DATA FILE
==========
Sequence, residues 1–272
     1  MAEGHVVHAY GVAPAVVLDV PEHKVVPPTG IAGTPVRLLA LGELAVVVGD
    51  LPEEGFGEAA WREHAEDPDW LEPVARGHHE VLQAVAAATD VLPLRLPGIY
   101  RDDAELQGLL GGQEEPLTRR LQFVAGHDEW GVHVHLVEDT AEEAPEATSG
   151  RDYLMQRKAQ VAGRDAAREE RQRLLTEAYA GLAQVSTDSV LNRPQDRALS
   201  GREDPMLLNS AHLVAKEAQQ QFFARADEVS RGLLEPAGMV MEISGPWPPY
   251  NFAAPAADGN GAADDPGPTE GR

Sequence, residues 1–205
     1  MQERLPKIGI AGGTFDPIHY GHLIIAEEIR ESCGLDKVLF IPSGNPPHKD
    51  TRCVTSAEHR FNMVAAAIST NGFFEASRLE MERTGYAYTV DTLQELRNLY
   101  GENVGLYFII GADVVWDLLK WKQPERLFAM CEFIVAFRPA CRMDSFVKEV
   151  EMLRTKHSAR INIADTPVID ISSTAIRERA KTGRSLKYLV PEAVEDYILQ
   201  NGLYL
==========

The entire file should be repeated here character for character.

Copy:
Sequence, residues 1–272
     1  MAEGHVVHAY GVAPAVVLDV PEHKVVPPTG IAGTPVRLLA LGELAVVVGD
    51  LPEEGFGEAA WREHAEDPDW LEPVARGHHE VLQAVAAATD VLPLRLPGIY
   101  RDDAELQGLL GGQEEPLTRR LQFVAGHDEW GVHVHLVEDT AEEAPEATSG
   151  RDYLMQRKAQ VAGRDAAREE RQRLLTEAYA GLAQVSTDSV LNRPQDRALS
   201  GREDPMLLNS AHLVAKEAQQ QFFARADEVS RGLLEPAGMV MEISGPWPPY
   251  NFAAPAADGN GAADDPGPTE GR

Sequence, residues 1–205
     1  MQERLPKIGI AGGTFDPIHY GHLIIAEEIR ESCGLDKVLF IPSGNPPHKD
    51  TRCVTSAEHR FNMVAAAIST NGFFEASRLE MERTGYAYTV DTLQELRNLY
   101  GENVGLYFII GADVVWDLLK WKQPERLFAM CEFIVAFRPA CRMDSFVKEV
   151  EMLRTKHSAR INIADTPVID ISSTAIRERA KTGRSLKYLV PEAVEDYILQ
   201  NGLYL